Tait, Peter Guthrie (1831–1901)
Peter Tait was a Scottish scientist and mathematician who carried out the world's first systematic investigation of knot theory.
Early in his career he formed a friendship with William Hamilton and became fascinated in the application of Hamilton's quaternions to problems in physics. In 1857, he also took an interest in Hermann Helmholtz's theories on the behavior of vortex rings, and began experimenting with smoke rings and their interactions. These experiments greatly impressed William Thomson (Lord Kelvin) who saw in them a possible way (wrong, as we now know) to explain atomic structure and the buildup of different elements. This idea, in turn, led Tait, Thomson, and James Maxwell to do seminal work on knot theory, since the basic building blocks in Thomson's vortex atom model were rings knotted in three dimensions.
Without any rigorous theory, which would have been well beyond nineteenth-century mathematics, Tait began to classify knots using his geometric intuition. By 1877 he had classified all knots with seven crossings. He then went on to consider the coloring of graphs and put forward a hypothesis, called Tait's conjecture (see below) which, if true (which it wasn't), would have proved the four-color theorem.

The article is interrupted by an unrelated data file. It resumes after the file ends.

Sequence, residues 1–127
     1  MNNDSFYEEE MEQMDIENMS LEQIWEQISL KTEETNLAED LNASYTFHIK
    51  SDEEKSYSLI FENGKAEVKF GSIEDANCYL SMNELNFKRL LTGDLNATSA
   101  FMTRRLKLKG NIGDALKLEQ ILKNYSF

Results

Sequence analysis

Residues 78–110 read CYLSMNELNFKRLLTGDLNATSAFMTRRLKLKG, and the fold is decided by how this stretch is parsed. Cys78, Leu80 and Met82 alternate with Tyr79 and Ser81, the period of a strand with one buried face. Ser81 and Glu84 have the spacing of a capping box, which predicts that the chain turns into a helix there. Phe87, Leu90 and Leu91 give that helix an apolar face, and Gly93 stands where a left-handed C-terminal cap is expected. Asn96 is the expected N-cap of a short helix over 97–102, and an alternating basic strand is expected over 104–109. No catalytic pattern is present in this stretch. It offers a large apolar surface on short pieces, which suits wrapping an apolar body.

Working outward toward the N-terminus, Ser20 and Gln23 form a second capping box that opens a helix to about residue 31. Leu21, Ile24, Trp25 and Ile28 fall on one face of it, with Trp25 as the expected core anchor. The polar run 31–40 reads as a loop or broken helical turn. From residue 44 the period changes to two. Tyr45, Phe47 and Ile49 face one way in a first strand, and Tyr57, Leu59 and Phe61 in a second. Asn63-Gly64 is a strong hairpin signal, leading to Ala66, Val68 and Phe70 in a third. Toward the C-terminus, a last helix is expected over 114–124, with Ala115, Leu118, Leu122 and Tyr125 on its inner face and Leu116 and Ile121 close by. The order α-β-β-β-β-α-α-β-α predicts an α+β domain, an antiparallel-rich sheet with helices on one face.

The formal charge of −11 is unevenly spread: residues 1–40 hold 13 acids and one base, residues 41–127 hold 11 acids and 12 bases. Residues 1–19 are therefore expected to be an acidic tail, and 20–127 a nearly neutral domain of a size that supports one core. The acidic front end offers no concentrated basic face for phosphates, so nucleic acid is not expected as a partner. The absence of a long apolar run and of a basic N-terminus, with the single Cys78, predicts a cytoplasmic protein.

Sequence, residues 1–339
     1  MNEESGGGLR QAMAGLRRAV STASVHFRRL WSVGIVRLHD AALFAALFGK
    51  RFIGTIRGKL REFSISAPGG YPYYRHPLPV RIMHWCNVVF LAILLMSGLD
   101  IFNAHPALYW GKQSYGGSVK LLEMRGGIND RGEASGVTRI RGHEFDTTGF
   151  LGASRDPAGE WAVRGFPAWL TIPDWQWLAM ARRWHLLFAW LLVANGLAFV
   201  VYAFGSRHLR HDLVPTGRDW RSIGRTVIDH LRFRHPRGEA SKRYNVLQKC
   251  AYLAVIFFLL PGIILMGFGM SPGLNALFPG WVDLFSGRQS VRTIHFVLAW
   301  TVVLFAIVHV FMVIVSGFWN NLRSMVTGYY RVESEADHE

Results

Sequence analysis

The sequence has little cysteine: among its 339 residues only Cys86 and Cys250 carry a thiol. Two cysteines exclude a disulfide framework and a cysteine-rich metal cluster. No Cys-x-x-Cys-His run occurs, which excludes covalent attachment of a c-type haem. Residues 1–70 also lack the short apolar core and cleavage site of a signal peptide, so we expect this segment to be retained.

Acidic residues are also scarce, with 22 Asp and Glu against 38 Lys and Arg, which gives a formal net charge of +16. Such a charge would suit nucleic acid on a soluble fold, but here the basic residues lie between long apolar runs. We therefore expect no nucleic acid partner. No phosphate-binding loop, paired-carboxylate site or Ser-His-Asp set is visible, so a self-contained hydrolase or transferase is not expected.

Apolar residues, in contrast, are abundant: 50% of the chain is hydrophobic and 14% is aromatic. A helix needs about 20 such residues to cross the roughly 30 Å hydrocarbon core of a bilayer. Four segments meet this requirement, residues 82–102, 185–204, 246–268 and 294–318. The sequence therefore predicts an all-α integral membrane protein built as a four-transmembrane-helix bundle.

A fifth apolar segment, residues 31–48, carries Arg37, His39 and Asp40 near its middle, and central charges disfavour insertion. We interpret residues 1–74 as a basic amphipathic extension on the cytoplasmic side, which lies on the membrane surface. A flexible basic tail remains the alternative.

Among his many other accomplishments, Tait wrote a classic paper on the trajectory of golf balls (1896). This was a subject close to his heart because the third of his four sons was Frederick Gutherie Tait, the leading amateur golfer in 1893 and winner of the Open Golf Championship in 1896 and 1898.
Tait's conjecture is a hypothesis put forward Peter Tait in 1884, which says that every polyhedron has a Hamiltonian cycle through its vertices. In other words, it is possible to travel around all the edges of a polyhedron, passing through each vertex (corner) exactly once and arriving back at the starting point. If true, Tait's Conjecture would have provided an immediate proof of the four-color theorem. However, in 1946, the British mathematician William Tutte (1917–2002), whose work at Bletchley Park on cracking the German FISH cipher played an important role in World War II, found a counterexample to the conjecture in the form of a polygon with 25 faces, 69 edges, and 46 vertices.